Petrus and Szymczak present a numerical model of the development of solution pipes by CO2 saturated water flowing through limestone rocks and show how the pipes are influenced by layering in the soil. In their model the pipes develop through a reaction-infiltration instability that focuses flow due to a positive feedback between flow rate and dissolution driven porosity generation. The presence of low-porosity layers in the rock increases the competition between pipes so that flow focuses faster in single pipes and changes the shapes of the pipes locally, producing widening of pipes between the layers and narrowing of pipes in layers. Parez and Aharonov present simulations of sliding granular material to understand the run-off behavior of landslides. The authors show that the collapse of the landslides during their rapid travel results in a very low angle of repose, which leads to a long apparent runout even without any special low friction conditions at their base. Based on the simulations a scaling law is derived to connect landslide size with run-out and the authors show that this scaling is in accordance with data from natural examples.

Finally, there are two contributions on the evolution of fracture networks. Ghani et al. present a hydro-mechanical numerical model to simulate fluid driven fracturing in reservoirs with a special emphasis on layered systems. The authors present proxies to separate tectonically driven fracturing, with well-spaced and oriented networks of fractures, from fracturing that are driven mainly by fluid pressure gradients, which show breccia like patterns with variable fracture orientation. Sachau et al. present a numerical model of crustal scale hydraulic fractures and dynamic fluid movements. In their model, hydraulic fractures develop from an over-pressured source, travel upwards to release fluids and heal according to a viscous law. The authors explore the dynamics of their system and show that high healing rates lead to a very dynamic and pulse like fluid flow whereas low healing rates stabilize and result in constant flow.

The collective work presented by the authors demonstrate the growing interest in flow and transformation in porous media. The research field is progressing at an accelerating rate driven by the needs of industry and society, and by recent advances in experimental and theoretical tools. Researchers are now able to characterize pore geometries with unprecedented resolution using X-ray micro-tomography, produce micromodels of controllable porous media characteristics, and detect large scale events using remote sensing. Advances in high performance computing have made simulation of pore flow processes down to sub-pore resolution possible. Using a combination of experimental and theoretical methods, the researchers are starting to unravel the sensitive coupling between pore scale events and large-scale flow and transport processes. The sheer complexity of flow in transforming porous media manifested as evolution of preferential flow paths, pattern formation, intermittent dynamics, anomalous transport, and material fracturing poses enormous challenges, but problems once thought intractable are now starting to yield to scientific enquiry.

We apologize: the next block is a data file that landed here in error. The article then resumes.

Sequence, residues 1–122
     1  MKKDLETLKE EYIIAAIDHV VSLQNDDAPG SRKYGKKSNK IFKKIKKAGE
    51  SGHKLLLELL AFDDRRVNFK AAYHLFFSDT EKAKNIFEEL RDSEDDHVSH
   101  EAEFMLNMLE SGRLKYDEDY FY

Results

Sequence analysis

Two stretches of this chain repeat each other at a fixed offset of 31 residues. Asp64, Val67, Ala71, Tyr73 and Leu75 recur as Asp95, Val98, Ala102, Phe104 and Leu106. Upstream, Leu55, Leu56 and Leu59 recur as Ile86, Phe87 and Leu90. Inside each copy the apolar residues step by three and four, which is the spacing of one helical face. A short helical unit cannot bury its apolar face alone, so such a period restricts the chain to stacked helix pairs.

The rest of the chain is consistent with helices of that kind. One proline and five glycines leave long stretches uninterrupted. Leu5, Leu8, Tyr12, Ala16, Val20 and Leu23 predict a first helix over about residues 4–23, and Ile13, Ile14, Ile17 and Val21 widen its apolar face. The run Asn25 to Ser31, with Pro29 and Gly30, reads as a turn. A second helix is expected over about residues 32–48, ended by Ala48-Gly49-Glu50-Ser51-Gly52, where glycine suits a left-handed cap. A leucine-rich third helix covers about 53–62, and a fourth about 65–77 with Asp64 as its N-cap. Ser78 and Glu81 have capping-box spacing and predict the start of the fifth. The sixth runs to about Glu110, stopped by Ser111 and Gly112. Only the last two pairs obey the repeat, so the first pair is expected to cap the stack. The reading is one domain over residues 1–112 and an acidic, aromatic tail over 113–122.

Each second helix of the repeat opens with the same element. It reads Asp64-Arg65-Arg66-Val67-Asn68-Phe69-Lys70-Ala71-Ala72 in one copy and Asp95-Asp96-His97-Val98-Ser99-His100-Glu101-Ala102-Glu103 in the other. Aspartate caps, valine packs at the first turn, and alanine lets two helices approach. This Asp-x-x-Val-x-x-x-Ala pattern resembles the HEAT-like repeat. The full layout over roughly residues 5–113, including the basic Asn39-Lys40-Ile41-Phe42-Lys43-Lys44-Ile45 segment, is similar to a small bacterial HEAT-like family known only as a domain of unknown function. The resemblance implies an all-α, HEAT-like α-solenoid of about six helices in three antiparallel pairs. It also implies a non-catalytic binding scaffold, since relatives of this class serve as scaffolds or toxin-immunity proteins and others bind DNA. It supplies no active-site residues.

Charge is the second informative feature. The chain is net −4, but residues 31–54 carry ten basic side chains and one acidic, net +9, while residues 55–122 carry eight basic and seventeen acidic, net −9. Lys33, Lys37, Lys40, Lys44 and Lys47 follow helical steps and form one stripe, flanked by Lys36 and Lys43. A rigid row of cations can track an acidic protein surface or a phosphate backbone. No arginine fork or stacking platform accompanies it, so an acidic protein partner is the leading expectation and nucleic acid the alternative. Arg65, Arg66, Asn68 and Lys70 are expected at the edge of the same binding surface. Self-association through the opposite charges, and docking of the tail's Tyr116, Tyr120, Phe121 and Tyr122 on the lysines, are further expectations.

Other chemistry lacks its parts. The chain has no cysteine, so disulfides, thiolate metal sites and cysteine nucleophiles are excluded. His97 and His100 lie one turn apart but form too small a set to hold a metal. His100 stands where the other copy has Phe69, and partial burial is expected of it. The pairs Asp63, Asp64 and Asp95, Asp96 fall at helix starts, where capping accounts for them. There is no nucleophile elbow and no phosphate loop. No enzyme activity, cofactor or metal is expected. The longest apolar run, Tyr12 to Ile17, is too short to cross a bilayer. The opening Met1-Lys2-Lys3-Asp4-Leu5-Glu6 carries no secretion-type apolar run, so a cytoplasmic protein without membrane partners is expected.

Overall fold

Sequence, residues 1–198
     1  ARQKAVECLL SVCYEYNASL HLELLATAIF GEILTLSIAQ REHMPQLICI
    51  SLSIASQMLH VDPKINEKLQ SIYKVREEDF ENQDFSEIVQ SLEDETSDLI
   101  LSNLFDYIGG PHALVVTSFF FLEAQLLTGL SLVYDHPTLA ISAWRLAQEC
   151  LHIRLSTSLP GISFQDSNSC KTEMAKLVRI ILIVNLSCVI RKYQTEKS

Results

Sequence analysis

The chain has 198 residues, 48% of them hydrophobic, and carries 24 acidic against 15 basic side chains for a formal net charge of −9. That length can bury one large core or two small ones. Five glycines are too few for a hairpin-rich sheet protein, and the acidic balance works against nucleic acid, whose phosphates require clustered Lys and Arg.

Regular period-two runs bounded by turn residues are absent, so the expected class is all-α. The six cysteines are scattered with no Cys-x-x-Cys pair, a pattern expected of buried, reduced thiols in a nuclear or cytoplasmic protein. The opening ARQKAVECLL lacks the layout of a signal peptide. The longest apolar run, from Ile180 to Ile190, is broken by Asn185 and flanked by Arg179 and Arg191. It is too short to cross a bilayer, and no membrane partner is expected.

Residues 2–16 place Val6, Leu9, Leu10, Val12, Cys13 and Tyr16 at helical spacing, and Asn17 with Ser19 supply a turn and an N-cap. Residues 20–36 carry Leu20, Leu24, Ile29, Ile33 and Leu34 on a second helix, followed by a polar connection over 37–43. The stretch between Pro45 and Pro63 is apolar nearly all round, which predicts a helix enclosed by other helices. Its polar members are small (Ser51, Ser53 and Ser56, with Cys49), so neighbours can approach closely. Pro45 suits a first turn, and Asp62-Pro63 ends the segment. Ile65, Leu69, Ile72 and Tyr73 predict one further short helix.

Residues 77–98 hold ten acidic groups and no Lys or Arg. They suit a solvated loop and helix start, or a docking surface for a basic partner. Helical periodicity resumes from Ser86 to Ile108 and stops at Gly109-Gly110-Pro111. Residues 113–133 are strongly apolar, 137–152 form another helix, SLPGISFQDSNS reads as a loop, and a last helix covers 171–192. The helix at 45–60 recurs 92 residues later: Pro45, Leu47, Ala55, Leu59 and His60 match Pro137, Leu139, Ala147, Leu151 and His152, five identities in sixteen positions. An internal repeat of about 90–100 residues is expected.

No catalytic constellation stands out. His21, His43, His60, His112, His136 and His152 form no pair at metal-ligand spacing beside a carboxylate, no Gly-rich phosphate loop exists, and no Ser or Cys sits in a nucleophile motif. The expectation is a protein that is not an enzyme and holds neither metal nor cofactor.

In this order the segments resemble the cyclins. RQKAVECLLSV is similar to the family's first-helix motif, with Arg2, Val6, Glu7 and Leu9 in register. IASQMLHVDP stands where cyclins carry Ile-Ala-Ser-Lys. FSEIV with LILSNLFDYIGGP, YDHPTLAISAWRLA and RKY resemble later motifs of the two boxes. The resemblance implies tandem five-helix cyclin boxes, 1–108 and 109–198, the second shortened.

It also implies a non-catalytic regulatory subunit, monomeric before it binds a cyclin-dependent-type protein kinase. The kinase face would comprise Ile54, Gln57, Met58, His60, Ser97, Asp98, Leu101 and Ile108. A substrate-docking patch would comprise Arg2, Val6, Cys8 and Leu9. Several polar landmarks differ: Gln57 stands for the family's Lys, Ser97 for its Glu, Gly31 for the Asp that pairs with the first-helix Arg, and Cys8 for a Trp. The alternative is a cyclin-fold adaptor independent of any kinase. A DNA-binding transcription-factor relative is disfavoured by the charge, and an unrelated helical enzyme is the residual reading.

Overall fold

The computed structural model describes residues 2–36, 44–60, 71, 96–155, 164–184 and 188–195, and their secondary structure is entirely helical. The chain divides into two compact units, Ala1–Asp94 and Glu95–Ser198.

Author Contributions

All authors listed, have made substantial, direct and intellectual contribution to the work, and approved it for publication.

Funding

This work has received funding from the European Union's Seventh Framework Programme for research, technological development, and demonstration under grant agreement no 316889. BS acknowledges support from EPSRC Grant No. EP/L013177/1 and Sêr Cymru National Research Network in Advanced Engineering and Materials Grant No. NRN141.

Conflict of Interest Statement

The authors declare that the research was conducted in the absence of any commercial or financial relationships that could be construed as a potential conflict of interest.

Acknowledgments

We thank all authors, reviewers, and editors that have contributed to this Research Topic.

Keywords: porous media, granular materials, fracturing, pattern formation, capillary, friction, dissolution, two-phase flow

Citation: Sandnes B, Koehn D, Toussaint R, Szymczak P and Aharonov E (2016) Editorial: Flow and Transformation in Porous Media. Front. Phys. 4:42. doi: 10.3389/fphy.2016.00042

Received: 24 August 2016; Accepted: 13 October 2016;
Published: 28 October 2016.

Edited by:

Alex Hansen, Norwegian University of Science and Technology, Norway

Reviewed by:

Daniel Bonamy, French Alternative Energies and Atomic Energy Commission, France

Copyright © 2016 Sandnes, Koehn, Toussaint, Szymczak and Aharonov. This is an open-access article distributed under the terms of the Creative Commons Attribution License (CC BY). The use, distribution or reproduction in other forums is permitted, provided the original author(s) or licensor are credited and that the original publication in this journal is cited, in accordance with accepted academic practice. No use, distribution or reproduction is permitted which does not comply with these terms.

*Correspondence: Bjørnar Sandnes, b.sandnes@swansea.ac.uk